For the first time, biologists have succeeded in growing human stem cells in pig embryos, increasing the possibility that one day soon we may develop human organs in animals for later transplant. . . This means that the human-organ-growing pigs would be examples of chimeras—animals composed of two different genomes—a human and a pig. When the human stem cells are implanted into an early pig embryo, the result is an animal composed of mixed pig and human cells.
In early August 2016, the National Institutes of Health (NIH) announced that it was planning to lift its ban on funding some research that injects human stem cells into animal embryos. This rather remarkable decision involves growing human tissues or organs in animals to better understand human diseases and develop therapies to treat them. That scientists are placing human cells into animals is not new; this has been a common practice for years. What is new here is that such implantations involve human stem cells being placed in animals. Human stem cells are placed into developing animal embryos where they can become any type of cell—for organs, blood or bones. The larger goal of such a practice could be, for example, growing a human kidney in a pig for a transplant back into a human.
One of the most fundamental of all biblical propositions is that humans are created in God’s image: That humans both resemble God (e.g., attributes such as intellect, emotion, will) and represent God (i.e., as His theocratic stewards, Gen. 1:26ff) provide the basis for the worth, value and dignity of humanity.
Over the last twenty years especially, homosexuality has been reframed as an issue of rights. The debate over same-sex marriage has been redefined that way as well. Overall, both issues are now viewed exclusively as a civil rights issue. One of the primary results of viewing these as civil rights issues is the tendency to limit First Amendment rights, especially the freedom of speech and the freedom of religious expression. In other nations, we are already seeing this occur. In England, a Catholic school was forbidden to fire its openly gay headmaster. In Canada, the Alberta Human Rights Commission forbade a Christian pastor from making “disparaging” remarks about homosexuality or even repeating biblical condemnations. Such blatant challenges to free speech are not quite yet occurring in America, but we are almost there.
Ethically speaking, does the end always justify the means? Does a seemingly good end (having healthy babies free of all genetic disorders) justify the means (in vitro fertilization, preimplantation genetic diagnosis, etc.)? Reproductive and Genetic Technologies have empowered humans to a degree unimaginable only a few years ago. These technologies are also empowering parents to decide what kinds of children they want. Therefore, these technologies raise profound ethical questions, including ethical questions about the human embryo.
In late November, the Nonhuman Rights Project filed a writ of habeas corpus on behalf of a chimpanzee named Tommy of Gloversville, New York. Stephen M. Wise, leader of the Nonhuman Rights Project, is demanding that the State Supreme Court in Fulton, County, NY recognize Tommy as a legal person, with a right to liberty, but one that has limits. . .
How should we think about this rather novel and extraordinary legal argument to establish that chimpanzees are legal persons, with rights and liberties? Permit me to offer several reflections on the growing animal rights movement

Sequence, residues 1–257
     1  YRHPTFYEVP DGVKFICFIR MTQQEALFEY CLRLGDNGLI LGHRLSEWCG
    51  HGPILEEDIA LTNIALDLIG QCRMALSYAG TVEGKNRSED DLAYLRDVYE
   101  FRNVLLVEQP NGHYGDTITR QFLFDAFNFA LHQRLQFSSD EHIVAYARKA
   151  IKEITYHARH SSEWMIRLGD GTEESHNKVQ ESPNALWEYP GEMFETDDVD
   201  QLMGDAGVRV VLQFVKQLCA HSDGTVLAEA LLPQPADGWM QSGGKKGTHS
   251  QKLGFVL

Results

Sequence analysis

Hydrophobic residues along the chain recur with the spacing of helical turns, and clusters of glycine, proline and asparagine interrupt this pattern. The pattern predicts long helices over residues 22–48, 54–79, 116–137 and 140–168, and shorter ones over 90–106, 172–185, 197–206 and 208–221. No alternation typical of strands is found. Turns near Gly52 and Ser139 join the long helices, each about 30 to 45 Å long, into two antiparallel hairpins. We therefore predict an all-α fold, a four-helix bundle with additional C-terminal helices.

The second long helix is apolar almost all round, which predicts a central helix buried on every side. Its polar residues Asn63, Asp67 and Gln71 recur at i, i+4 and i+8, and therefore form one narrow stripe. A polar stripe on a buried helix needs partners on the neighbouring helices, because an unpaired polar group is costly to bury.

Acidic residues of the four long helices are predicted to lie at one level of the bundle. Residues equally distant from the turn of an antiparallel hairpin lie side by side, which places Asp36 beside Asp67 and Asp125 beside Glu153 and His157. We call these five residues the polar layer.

The Supreme Court’s Roe v. Wade decision in 1973 changed America. Abortion remains one of the most contentious issues in our culture, with positions on both sides of the divide uncompromisingly hardened. For many, it is the touchtone issue of life. And perhaps because it deals with life and its value, it will never diminish in its importance to American civilization. Several thoughts:
At the center of the Postmodern worldview is the doctrine of personal autonomy–the idea that as free humans we are a law unto ourselves. In Postmodernism, the self defines reality. There are virtually no boundaries for behavior and there are few authority figures that matter anymore. Autonomy impacts all aspects of culture–entertainment, business, law, leisure and religion. The autonomous self defines reality because there is nothing transcendent to do so. If there is a god, he is a deistic god, who is more therapeutic than sovereign, and who serves at the behest of the human. Such a claim has a haunting ring of familiarity to it, for the book of Judges has as its refrain, “Every man did what was right in his own eyes.”
Modern technology is changing the definition of fatherhood and the rights that go with it. Consider two cases: (1) A pregnant woman wants an abortion. Her husband does not. Should he have a say in her decision? (2) A woman wants to become pregnant with frozen embryos. Her ex-husband opposes the decision. Should he have a say in the decision? Legally, the answer is no to the abortion case and yes to the frozen embryo case.
Gregory Berns, professor of neuroeconomics at Emory University, argues that “dogs are people, too.” He bases this rather stunning conclusion on brain scans of dogs he and his colleagues at Emory have conducted. . . How should we think about Berns, his work and his conclusions? Should dogs be granted personhood? Should they have rights equivalent to humans? Is there a Creation-Order difference between dogs and humans? What is the fundamental difference between a dog and a human being?